NFT Scams: How to Protect Yourself from them (2022)

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People are gaining money by exchanging Non Fungible tokens, which are digital assets, and the digital world is being completely taken over by this phenomenon. On the other hand, there are a large number of cons that are designed to separate individuals and companies from their cash.

Threat actors stole more than 600 million dollars from Sky Mavis in March of 2022. Sky Mavis is the company that developed the popular NFT-based game Axie Infinity. To steal money from people’s digital wallets, the threat actors hacked their private keys and utilised those to make withdrawals.

What exactly is an NFT?

A nonfungible token, often known as an NFT, is a special kind of digital asset that is stored on a blockchain. In contrast to other forms of bitcoin, these digital assets cannot be exchanged for one another and serve as an authentication method for ownership. Every transaction that takes place on a blockchain is recorded in a distributed digital ledger.

Each NFT is one of a kind and cannot be replicated or substituted in any way. The following are some examples of different kinds of NFTs:

  • Picture file cartoon virtual real estate pet video trading card
  • People acquire NFTs as unique investments and collectors.

NFTs can fetch prices in the millions of dollars when sold. As an illustration, the digital artist Beeple was able to sell a single piece of NFT artwork for more than $69 million. Other NFT collections, such as Bored Ape Yacht Club and CryptoPunks, are also selling for tens of thousands of dollars in the hundreds of thousands of dollars range.

In the year 2021, sales in the NFT market totalled $17.6 billion.

NFT Scams

Non-fungible tokens (NFTs) are a multibillion-dollar crypto business segment. Rare Cool Cats and Bored Ape Yacht Club pieces fetch $30,000 or more.

NFT designers explain the high prices for JPEGs with one word: usefulness. Owning a digitally tokenized piece of art can get you into exclusive online clubs, gaming groups, Discord chat rooms, and interactive events.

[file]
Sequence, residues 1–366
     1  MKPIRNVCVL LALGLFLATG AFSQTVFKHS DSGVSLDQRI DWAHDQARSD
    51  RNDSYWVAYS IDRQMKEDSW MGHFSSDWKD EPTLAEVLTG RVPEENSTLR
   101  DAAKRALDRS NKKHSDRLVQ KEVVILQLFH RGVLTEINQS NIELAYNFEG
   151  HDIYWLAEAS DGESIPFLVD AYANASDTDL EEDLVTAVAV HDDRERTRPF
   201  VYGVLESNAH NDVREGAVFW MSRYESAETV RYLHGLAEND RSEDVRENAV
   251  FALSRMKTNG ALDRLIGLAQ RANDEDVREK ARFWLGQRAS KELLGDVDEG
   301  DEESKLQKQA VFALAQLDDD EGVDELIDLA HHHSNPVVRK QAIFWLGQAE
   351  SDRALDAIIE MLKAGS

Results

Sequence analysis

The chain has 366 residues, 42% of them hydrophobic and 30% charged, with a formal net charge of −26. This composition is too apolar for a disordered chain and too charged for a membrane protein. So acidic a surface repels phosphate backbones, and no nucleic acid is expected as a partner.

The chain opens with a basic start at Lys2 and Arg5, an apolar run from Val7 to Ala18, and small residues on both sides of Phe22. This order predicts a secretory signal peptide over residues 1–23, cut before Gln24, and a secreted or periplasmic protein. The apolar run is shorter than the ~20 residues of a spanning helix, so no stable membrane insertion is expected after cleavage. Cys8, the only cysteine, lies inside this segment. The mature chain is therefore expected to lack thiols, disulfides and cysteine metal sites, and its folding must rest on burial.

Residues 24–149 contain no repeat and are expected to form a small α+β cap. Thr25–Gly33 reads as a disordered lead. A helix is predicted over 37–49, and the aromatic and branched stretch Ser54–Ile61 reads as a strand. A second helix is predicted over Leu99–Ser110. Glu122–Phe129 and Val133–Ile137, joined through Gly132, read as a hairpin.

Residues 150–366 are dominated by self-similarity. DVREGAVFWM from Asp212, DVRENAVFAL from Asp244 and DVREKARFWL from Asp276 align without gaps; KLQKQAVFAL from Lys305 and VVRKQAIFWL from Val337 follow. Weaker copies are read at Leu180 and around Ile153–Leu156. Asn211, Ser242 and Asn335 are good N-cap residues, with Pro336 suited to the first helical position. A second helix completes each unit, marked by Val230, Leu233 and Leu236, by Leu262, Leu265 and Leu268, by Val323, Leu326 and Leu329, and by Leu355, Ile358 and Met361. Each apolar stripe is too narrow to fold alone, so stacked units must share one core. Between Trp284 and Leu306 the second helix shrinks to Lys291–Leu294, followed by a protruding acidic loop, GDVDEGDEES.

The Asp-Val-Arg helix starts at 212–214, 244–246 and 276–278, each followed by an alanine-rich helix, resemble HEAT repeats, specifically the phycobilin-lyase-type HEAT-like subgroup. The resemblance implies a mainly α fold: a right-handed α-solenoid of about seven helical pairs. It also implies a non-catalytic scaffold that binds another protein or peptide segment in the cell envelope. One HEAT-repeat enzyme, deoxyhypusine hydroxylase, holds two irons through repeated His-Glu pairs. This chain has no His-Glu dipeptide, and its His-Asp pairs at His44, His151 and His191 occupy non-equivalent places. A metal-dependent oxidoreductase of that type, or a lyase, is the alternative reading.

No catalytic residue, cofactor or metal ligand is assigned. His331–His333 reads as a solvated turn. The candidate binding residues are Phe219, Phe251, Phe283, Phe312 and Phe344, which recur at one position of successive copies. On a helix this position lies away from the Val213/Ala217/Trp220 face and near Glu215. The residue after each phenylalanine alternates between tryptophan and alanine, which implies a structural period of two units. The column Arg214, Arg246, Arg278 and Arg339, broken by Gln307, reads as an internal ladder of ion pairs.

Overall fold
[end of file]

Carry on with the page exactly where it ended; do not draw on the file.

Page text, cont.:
Theoretically. NFTs are new and dirty. NFTs present profitable opportunities for scammers due to the sheer volume of money exchanged.

We explain the most typical NFT scams, how to avoid them, and why they’re so common.

Common NFT scams and their Avoidance

NFT Scams: How to Protect Yourself from them (2022)

  • Scams and Suspicious Pop-ups

You will need to create an account for a wallet that uses the Ethereum blockchain in order to purchase your first non-fungible token (NFT). For NFT collectors, MetaMask is perhaps the most widely used Ethereum wallet currently available.

However, users of MetaMask were recently targeted in a phishing scheme that involved fraudulent adverts that sought users for the 12-word security seed phrases or private wallet keys to their cryptocurrency wallets (a big red flag).

Learn More: 10 Ways To Secure Your Bitcoin And Crypto Wallet

There are also false malicious pop-ups that are functioning via Discord, Telegram, and other public forums. These pop-ups link to normal-looking login pages, such as those seen on MetaMask or other prominent websites.

If a malicious party is successful in phishing you, they will be able to steal all of the cryptocurrency stored in your digital wallet if they get their hands on your private information.

Avoidance

Don’t respond to direct messages from founders, celebrities, or influencers. C-level personnel won’t DM you unless you message them first or agree in a public Twitter thread or Discord channel. It’s like when your parents told you not to give telemarketers your information. If someone DMs you, don’t click links or expose secrets.

  • Bidding Scams

Scams using bids are most common on the secondary market after an investor has already purchased an NFT and is looking to resell it to the highest possible bidder. After you have listed your NFT for sale, prospective buyers may decide to use a different cryptocurrency without informing you. For your preferred NFT, you might receive $5 rather than the standard payout of 5 ETH (about $15,000 to $20,000).

Avoidance

Check the currency that is being utilised, and never settle for a bid that is lower than what you want.

  • Plagiarized NFTs

It is important to keep in mind that minting a piece of artwork as a non-fungible token (NFT) is not the same as holding ownership of the intellectual property (IP) associated with that piece of artwork.

Anyone, regardless of whether or not they possess the rights to the underlying intellectual property, is able to convert any photo or image into an NFT by using the user-friendly software provided by OpenSea.

Swindlers and other dishonest individuals might very easily steal an artist’s work and then start a bogus account on OpenSea, where they would post the stolen artwork for auction. Because of this, once the community finds out what the fraudster is doing, your NFT will practically be worthless, and there is no way to get your money back.